Recreating History: The Beatles' First American Concert

February is a big month for American Beatles fans. After all it was 50 years ago that the Fab Four appeared on The Ed Sullivan Show and then made their way down to Washington, D.C. for their first public concert at the Washington Coliseum on 3rd St. NE. You've probably seen the black and white footage of Paul, John, George and Ringo playing to screaming teenagers in D.C. on February 11, 1964. And, hopefully you've read our accounts of the Beatles' visit here on the blog.

But it's one thing to write accounts of history... It's quite another to recreate history. And that's exactly what the  D.C. Preservation League and Douglas Development and their partners did with their Yesterday & Today event at the Washington Coliseum on February 11, 2014. As DCPL's executive director Rebecca Miller put it, the Beatles anniversary was "the perfect opportunity to blend historical preservation and pop culture" and build awareness of the Preservation League's work to protect the built landscape of our city and contribute to economic development in Washington.

Indeed, the Coliseum itself is a preservation story. Built by ice-maker Mike Uline in 1941, it was pretty virbrant place for about 30 years but started to go downhill in the 1970s. The riots of 1968 ravaged the inner city and larger venues -- like the DC Armory and the Capital Center -- took away a lot of the arena's business. It changed hands several times and eventually became a trash transfer station for Waste Management in the 1990s. The property was targeted for demolition when the Preservation League intervened and pursued landmark designation. It was added it to the DC Inventory of Historic Sites in 2006. In recent years, the coliseum building has served as an indoor parking lot as the new owner, Douglas Development, pursued various options for redevelopment.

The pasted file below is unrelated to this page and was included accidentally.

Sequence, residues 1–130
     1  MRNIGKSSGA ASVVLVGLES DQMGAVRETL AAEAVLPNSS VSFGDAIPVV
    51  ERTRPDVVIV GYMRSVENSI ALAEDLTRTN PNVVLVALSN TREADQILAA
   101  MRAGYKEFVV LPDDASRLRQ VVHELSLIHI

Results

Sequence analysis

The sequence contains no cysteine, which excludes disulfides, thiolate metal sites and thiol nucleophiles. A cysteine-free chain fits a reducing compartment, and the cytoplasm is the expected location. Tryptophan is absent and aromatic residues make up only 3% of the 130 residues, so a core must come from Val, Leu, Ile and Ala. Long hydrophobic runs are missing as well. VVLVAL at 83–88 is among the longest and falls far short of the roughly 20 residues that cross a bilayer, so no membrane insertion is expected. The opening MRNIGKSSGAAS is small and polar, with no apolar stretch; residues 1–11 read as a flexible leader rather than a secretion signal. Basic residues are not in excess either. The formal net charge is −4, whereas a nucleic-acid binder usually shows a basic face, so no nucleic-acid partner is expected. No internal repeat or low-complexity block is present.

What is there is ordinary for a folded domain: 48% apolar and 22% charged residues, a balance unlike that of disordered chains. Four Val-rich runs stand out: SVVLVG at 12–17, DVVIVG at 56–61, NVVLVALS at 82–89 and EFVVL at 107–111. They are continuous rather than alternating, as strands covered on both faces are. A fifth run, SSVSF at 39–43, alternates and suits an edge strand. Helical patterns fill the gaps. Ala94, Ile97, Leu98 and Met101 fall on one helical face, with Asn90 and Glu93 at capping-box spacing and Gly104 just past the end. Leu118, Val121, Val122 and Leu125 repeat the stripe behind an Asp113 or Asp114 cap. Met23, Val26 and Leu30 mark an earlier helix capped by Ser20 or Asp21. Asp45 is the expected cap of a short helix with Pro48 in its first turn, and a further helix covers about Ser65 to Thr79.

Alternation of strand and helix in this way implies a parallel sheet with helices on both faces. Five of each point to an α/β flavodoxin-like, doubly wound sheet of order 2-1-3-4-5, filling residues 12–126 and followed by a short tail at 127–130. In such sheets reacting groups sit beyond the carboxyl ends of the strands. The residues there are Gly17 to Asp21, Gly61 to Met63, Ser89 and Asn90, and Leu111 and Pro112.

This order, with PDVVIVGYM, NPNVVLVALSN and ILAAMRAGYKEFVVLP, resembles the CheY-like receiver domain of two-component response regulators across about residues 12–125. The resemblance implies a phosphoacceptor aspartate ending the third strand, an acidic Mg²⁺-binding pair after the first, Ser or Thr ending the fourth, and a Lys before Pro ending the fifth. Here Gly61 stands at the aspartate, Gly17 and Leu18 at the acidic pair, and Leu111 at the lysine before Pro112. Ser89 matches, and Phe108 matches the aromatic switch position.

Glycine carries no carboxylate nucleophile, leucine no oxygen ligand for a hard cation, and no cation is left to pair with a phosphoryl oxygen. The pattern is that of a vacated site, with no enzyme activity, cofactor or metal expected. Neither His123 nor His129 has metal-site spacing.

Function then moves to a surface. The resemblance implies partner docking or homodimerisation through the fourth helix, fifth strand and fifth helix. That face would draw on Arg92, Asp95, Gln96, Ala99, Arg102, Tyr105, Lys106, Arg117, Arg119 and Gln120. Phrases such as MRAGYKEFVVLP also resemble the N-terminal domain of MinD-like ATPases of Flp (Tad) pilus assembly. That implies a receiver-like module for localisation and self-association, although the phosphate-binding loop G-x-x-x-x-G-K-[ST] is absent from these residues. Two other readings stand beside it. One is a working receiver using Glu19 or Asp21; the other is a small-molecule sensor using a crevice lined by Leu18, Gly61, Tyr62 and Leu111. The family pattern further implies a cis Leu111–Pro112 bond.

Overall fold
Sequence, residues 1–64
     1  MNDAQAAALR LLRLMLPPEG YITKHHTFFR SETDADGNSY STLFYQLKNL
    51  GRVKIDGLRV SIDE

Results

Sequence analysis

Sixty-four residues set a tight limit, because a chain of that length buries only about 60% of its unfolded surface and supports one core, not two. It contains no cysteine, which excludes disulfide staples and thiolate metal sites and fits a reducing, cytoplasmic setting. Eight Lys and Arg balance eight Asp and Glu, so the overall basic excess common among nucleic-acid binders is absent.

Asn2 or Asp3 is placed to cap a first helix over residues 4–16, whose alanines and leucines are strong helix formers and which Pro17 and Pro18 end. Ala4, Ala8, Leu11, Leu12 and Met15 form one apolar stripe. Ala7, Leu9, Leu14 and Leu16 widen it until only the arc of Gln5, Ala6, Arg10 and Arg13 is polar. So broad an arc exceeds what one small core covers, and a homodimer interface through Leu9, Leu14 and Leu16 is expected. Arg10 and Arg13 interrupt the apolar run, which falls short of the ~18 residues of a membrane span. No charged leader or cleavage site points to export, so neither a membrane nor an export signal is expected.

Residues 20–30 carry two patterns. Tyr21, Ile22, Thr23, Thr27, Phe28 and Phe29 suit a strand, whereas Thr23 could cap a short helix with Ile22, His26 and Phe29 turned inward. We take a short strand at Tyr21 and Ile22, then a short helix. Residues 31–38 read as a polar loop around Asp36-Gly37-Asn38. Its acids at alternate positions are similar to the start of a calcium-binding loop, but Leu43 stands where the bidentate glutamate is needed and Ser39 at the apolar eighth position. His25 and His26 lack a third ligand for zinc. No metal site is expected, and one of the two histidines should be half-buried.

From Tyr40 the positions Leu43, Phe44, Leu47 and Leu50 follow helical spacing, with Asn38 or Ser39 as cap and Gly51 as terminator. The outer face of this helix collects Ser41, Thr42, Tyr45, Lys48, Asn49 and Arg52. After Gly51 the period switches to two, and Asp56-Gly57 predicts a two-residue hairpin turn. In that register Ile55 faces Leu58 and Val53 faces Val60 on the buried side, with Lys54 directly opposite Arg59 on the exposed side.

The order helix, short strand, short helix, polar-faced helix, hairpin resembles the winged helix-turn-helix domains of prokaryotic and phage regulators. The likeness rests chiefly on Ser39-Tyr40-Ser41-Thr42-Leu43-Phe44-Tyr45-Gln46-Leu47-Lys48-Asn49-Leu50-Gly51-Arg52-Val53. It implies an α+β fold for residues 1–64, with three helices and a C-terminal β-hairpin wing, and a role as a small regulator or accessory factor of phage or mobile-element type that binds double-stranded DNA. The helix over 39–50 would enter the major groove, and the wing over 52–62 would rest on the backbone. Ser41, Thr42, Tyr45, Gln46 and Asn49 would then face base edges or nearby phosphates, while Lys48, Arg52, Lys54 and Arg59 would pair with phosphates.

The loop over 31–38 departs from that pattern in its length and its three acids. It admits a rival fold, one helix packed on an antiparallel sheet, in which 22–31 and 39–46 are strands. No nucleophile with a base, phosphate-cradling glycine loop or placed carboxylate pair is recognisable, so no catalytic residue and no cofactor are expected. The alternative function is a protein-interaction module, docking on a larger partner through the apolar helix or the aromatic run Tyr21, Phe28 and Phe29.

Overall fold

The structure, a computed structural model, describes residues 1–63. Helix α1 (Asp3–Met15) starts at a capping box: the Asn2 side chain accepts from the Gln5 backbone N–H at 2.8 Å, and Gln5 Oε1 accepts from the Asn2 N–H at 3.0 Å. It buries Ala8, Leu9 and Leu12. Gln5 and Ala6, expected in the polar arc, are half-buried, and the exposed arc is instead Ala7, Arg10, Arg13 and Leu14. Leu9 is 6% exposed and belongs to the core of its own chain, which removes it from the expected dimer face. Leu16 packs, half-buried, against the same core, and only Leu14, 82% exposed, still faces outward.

I'm biased because I'm a sucker for local history and good music but I'd say the event was a smashing success... a chilly success since temperatures outside were in the 20s but a success nonetheless. 2500 attendees were treated to a festival-like atmosphere with performances by bubblegum singer Tommy Roe, who opened for the Beatles in 1964, and Beatlemania Now, a very well-reknowned cover band. In addition, the Preservation League showed a film on the history of the venue.

Over the next year and half Douglas Development will transform the domed structure into a unique office complex -- so this was really the last opportunity to experience the site as an entertainment venue. It was a pretty cool experience.

Big thanks to Rebecca Miller of DCPL, Douglas Jemal and Paul Millstein of Douglas Development, Wendy Gordon of Flash PR DC, Scot Arch of Beatlemania Now, Naomi Banks and Mike Mitchell for their help with this video!

 

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